Head of ways and means says consider phase out of millennium scholarships

The chairman of the Nevada Legislature's Ways and Means Committee served notice Wednesday he may try to "phase out" the Millennium Scholarship program.

Morse Arberry, D-Las Vegas, said the program, which Treasurer Brian Krolicki has described as insolvent, "is like a fish out of water."

"I was very supportive of this in the beginning but I'm losing oxygen too," he said. "Don't be surprised if we ask you to present something to us to phase this out."

Arberry said he may call for turning the tobacco settlement money dedicated to Millennium Scholarships over to the university and community college system directly.

He said after the meeting that the university system could then direct that money to students who need financial aid just as they do with millions in other money available for scholarships, grants and loans.

Arberry said the program is in the red and he doesn't think the tobacco money funding it will last. He said it's time to do something completely different.

Krolicki said he would fight that move.

"I truly believe this is one of the most precious programs ever rolled out in Nevada," he said. "This is about Nevada's future, about an educated workforce."

All, however, agreed major changes are needed if the Millennium Scholarship program is to survive. Krolicki told the committee without changes, the scholarship program will need $45 million over the coming biennium.

He suggested three eligibility changes including cutting the number of credits the scholarship will fund from 15 to 12 each semester, not paying for summer classes and "tough love" -- which means students who lose the scholarship for any reason such as low grades would not be able to requalify.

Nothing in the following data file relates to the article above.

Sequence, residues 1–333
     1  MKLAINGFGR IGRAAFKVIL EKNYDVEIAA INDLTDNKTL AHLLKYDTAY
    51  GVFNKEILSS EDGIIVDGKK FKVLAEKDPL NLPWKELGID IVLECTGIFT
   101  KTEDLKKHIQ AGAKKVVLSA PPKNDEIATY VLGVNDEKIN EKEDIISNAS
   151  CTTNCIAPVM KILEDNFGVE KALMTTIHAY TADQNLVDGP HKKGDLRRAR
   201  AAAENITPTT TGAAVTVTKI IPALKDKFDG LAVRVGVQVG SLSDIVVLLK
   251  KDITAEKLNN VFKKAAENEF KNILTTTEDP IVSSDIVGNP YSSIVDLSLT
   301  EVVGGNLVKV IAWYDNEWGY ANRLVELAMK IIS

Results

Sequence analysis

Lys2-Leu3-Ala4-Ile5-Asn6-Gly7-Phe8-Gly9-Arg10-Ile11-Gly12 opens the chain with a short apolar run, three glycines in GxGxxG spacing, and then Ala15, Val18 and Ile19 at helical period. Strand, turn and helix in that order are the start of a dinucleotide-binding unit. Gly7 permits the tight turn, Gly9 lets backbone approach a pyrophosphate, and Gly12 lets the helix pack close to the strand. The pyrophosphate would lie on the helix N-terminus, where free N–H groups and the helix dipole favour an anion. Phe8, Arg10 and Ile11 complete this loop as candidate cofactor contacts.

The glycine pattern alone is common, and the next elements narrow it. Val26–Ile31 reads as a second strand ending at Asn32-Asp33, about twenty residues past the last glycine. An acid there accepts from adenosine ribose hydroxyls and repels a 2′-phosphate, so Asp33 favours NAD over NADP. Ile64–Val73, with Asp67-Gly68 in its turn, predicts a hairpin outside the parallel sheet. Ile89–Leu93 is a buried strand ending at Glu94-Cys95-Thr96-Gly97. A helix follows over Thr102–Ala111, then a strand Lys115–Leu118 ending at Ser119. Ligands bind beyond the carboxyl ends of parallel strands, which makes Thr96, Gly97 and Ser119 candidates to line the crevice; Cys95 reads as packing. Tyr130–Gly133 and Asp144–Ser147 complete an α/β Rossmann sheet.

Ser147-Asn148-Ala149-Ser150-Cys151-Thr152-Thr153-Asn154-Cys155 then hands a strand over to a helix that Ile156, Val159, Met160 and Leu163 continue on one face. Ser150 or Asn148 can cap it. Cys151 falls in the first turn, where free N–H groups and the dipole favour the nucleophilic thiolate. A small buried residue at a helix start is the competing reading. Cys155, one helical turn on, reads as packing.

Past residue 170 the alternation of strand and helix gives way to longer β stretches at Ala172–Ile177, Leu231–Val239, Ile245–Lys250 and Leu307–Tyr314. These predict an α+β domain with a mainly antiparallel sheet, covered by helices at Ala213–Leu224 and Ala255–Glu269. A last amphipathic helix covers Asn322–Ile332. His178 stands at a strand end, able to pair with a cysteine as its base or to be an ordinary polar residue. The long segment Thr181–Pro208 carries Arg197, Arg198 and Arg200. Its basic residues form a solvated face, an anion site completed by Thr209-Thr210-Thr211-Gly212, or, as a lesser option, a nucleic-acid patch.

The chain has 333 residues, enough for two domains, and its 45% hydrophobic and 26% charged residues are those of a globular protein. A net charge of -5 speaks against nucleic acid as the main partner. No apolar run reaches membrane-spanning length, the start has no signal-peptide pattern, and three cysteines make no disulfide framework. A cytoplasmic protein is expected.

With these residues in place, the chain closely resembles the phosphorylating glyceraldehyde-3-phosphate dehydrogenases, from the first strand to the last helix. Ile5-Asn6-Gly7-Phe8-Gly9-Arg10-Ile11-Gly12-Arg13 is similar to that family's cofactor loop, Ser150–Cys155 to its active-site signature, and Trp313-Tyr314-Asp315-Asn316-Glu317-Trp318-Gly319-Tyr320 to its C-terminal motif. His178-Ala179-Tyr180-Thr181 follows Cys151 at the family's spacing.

Those, he said, would save about $12 million.

He said he and Gov. Kenny Guinn also support using $7 million a year from the unclaimed property revenues to support $100 million in bonds to keep the scholarship program solvent another 10 years.

But there seemed very little support for the bonding idea.

Assembly Speaker Richard Perkins, D-Henderson, said when the session began Monday that he opposed bonds when the state has a surplus that could be used for the scholarship program.

Vice Chairwoman Chris Giunchigliani, D-Las Vegas, also made it clear she opposes bonding to fund the program as have several other members. And Arberry said simply "no way" when asked about the bond.

Even Republican leaders such as Senate Majority Leader Bill Raggio, R-Reno, and Assembly Minority Leader Lynn Hettrick, R-Gardnerville, have said they don't like the idea of bonds to support the scholarship.

"Has anybody talked about endowing this program?" asked former Treasurer Bob Seale, now a Las Vegas Assemblyman.

Seale asked Krolicki to come up with some estimates how much money it would take to permanently endow a trust fund to support the Millennium Scholarship program.

Contact reporter Geoff Dornan at gdornan@nevadaappeal.com or at 687-8750.


Use the comment form below to begin a discussion about this content.

Sign in to comment